Hafiz Rahmat Khan Barech
|Hafiz Rahmat Khan Barech|
|Religion||Islam Notable works =jama masjid of pilibhit|
|Service/||Regents of Rohilkhand|
|Rank||Wali, Faujdar, Ispahsalar|
|Battles/wars||Mughal-Maratha Wars, Third Battle of Panipat|
Hafiz Rahmat Khan Barech (1723 – April 1774) was Regent of Rohilkhand in North India, from 1749 to 1774. He was a Pashtun by background, ruling over Rohillas. Hafiz Rahmat Khan had served honorably throughout the reign of three Mughal Emperors: Ahmad Shah Bahadur, Alamgir II and Shah Alam II. He was also a mentor of Prince Mirza Jawan Bakht.
Early life and origins
In 1623 two Pashtun brothers of the Barech tribe, Bahadur Shah I and Husain Khan, settled here and founded a small state of Rampur, bringing with them many other Pashtun settlers. Ali Muhammad Khan, grandson of Bahadur Shah I, later united the Rohillas between 1707 and 1720, making Bareilly his capital. Hafiz Rahmat Khan Barech, who was his uncle, succeeded him, extended his power from Almora in the North to Etawah in the South-West.
Victory against Ahmad Shah Durrani (1748)
In the year 1748, Ahmad Shah Durrani led an expedition to plunder the western regions of the Mughal Empire. This incursion posed as a major challenge to the Mughal Emperor Muhammad Shah, who urgently Asaf Jah I from the Deccan in order to lead the Mughal Army based in the North-West South Asia, this army was also headed by Prince Ahmad Shah and according to the advise of Ali Mohammed Khan, Hafiz Rahmat Khan was appointed as the Subedar of Sirhind in order to lead and regain and recover territories from the Durrani, forces even Muradyab Khan Kalhoro the Subedar of Sindh to dispatch reinforcements to assist the Mughal Army along the river banks.
Prince Ahmad and the respected Grand Vizier Asaf Jah I were dispatched by the Mughal Emperor Muhammad Shah to command a large Mughal Army of 75,000 to confront the advancing Durrani's. At Sirhind both forces fought a decisive battle and Prince Ahmad was nominally victorious. He was thereupon conferred with the title Bahadur, by the Mughal Emperor.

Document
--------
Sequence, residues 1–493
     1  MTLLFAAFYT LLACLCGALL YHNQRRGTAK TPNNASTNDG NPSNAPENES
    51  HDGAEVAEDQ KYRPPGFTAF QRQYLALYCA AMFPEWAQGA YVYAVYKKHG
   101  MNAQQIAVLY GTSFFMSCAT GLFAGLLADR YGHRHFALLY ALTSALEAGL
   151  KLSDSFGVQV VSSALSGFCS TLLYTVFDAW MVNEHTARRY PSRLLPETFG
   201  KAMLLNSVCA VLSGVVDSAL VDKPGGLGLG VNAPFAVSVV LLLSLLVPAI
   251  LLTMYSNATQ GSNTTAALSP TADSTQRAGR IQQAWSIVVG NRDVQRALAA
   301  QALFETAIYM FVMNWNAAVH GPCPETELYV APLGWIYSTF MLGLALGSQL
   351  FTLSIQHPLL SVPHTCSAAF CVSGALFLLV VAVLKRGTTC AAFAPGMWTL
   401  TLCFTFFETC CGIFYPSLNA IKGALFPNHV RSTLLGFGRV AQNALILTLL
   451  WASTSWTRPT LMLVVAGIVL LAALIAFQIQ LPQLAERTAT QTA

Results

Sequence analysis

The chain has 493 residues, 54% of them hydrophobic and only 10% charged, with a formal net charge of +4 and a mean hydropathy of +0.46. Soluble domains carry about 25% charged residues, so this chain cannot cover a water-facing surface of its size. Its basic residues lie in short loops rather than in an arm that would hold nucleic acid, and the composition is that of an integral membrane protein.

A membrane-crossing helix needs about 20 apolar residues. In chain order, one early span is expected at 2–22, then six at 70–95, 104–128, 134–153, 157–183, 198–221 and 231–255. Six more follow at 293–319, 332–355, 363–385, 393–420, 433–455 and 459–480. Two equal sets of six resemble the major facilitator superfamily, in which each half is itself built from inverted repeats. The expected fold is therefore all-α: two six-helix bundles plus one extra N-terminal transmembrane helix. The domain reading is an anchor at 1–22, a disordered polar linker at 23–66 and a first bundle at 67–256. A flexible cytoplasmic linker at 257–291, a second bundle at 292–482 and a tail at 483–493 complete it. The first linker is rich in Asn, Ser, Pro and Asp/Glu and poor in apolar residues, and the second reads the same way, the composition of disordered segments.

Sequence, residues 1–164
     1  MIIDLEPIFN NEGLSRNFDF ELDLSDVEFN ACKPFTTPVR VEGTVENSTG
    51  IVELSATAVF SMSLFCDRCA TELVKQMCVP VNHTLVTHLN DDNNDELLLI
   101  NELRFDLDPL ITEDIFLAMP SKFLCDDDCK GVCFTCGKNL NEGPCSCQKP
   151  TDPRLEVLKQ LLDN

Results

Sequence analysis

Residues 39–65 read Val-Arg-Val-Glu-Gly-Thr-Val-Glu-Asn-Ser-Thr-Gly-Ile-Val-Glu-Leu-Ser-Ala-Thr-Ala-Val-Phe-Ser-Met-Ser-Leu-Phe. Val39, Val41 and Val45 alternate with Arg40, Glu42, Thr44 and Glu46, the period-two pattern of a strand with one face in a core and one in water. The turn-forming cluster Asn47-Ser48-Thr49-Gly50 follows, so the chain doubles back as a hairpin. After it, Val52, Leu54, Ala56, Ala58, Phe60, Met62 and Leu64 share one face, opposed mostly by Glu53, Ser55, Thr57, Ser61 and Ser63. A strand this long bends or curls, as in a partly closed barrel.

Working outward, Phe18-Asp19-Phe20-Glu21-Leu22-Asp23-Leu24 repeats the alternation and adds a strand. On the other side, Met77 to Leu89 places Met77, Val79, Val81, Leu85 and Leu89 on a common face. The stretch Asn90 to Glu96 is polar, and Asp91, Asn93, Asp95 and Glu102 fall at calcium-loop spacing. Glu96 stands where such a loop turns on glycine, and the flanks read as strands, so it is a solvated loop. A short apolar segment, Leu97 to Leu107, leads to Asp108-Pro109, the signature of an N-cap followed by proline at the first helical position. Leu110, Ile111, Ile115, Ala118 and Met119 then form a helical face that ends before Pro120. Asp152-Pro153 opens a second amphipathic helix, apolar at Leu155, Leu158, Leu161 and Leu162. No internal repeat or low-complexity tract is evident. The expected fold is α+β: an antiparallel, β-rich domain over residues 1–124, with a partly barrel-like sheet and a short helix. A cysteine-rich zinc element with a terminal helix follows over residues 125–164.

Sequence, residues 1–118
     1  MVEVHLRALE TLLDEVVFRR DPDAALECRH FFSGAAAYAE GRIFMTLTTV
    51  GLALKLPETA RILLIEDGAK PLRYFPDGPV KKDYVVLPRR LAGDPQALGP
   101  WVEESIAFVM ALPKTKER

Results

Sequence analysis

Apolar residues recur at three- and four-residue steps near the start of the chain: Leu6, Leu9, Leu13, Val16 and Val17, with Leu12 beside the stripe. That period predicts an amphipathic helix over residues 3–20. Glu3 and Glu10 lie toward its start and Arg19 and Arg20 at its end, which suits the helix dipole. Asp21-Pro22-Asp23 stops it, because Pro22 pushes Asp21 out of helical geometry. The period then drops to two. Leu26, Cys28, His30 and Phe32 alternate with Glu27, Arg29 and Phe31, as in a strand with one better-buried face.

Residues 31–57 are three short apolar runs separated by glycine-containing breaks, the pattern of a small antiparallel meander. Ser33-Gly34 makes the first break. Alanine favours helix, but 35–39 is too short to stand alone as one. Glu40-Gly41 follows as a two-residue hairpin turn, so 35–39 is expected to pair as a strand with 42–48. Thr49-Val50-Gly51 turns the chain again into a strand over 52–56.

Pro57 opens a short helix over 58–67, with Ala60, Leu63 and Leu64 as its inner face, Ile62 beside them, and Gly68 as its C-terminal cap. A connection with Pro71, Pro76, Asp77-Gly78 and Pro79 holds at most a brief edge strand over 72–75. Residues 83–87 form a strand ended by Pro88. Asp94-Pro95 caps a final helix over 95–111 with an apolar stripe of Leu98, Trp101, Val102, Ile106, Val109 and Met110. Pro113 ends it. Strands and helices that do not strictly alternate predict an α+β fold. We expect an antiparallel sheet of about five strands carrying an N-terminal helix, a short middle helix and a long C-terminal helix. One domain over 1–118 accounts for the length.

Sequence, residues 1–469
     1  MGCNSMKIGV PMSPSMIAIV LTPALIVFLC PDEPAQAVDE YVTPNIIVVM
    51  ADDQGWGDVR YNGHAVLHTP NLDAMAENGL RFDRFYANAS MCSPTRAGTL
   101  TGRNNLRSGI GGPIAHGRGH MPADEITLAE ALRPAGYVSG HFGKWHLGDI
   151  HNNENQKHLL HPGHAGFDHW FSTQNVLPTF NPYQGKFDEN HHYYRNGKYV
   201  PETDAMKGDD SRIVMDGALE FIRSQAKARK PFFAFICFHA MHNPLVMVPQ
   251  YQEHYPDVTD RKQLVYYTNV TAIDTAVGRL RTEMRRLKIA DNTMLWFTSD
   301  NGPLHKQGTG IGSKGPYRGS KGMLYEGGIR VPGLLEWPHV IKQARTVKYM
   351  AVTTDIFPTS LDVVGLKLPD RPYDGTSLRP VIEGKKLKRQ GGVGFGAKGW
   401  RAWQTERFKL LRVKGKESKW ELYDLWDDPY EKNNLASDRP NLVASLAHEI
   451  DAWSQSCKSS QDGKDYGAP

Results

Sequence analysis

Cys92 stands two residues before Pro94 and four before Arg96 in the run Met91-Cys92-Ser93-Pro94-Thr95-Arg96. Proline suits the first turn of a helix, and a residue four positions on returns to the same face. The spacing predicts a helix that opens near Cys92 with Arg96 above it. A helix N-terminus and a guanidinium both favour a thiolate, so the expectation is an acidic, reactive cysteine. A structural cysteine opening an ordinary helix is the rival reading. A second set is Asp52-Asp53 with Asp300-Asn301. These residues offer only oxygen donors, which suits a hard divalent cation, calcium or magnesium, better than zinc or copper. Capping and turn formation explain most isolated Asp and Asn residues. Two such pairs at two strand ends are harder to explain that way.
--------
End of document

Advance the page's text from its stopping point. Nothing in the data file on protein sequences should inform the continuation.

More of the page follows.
Mughal Civil War
According to a Firman by Ahmad Shah Bahadur Hafiz Rahmat Khan was assigned to support Feroze Jung III against the Mughal Grand Vizier Safdarjung, who was defeated and forgiven and thus withdrew to become just the Nawab of Awadh and died in 1753.
When Ahmad Shah Bahadur tried to have young Feroze Jung III removed from the imperial court, the outcast then sought an alliance with the detested Maratha chieftain Sadashivrao Bhau. Together they deposed Ahmad Shah Bahadur after the devastating First Battle of Sikandarabad in the year 1754.
Alliance with the Ahmad Shah Durrani
In 1757, the Mughal Emperor Alamgir II with courtiers such as Shah Waliullah, nobles such as Najib-ul-Daula and Hafiz Rahmat Khan, and the imperial family went to Sirhind to meet Ahmad Shah Durrani, whose forces then engaged the Marathas in combat and threatened to overthrow and execute the regime of Imad-ul-Mulk. Ahmad Shah Durrani's relations with the Mughal Emperor, strengthened further when his son Timur Shah Durrani married the daughter of Alamgir II and patronized the Mughal commander Jahan Khan.
Third Battle of Panipat
Counterattacks against Suraj Mal
In the year 1764, Najib-ul-Daula the administrator of Delhi and the Mughal heartlands faces the relentless warfare by Jat peasants led by the ruthless Suraj Mal, who sacked the Mughal Army garrison at Agra and even looted the silver doors of the Taj Mahal, Hafiz Rahmat Khan was among those commanders in Mughal service who swore to avenge the devastation caused and soon Suraj Mal was defeated and executed.
Internal conflict with Awadh
After the war Nawab Shuja-ud-Daula demanded payment for their help from the Rohilla chief, Hafiz Rahmat Khan Barech. When the demand was refused the Nawab joined with the British under Governor Warren Hastings and his Commander-in-Chief, Alexander Champion, to invade Rohilkhand and Hafiz Rahmat Khan Barech was killed in the ensuing Battle of Miranpur Katra in 1774. The whole of Rohilkhand (including Bareilly, Pilibhit and Shahjanpur) was surrendered to the East India Company by the treaty of 10 November 1801. Later, Bareilly was a centre of disaffection for the entire area in the Indian Mutiny of 1857. 
- Genealogy of Rampur princely state, [→]
- Houtsma, T. (1987). E.J. Brill's First Encyclopaedia of Islam 1913-1936. E. J. Brill. p. 214. ISBN 9789004082656. Retrieved 12 October 2014.
- History of Bareilly District The Imperial Gazetteer of India, 1909, v. 7, p. 5.
- Hafiz British Library.
- Jama Masjid Official website of Pilibhit district.
- Philibhit Britannica.com.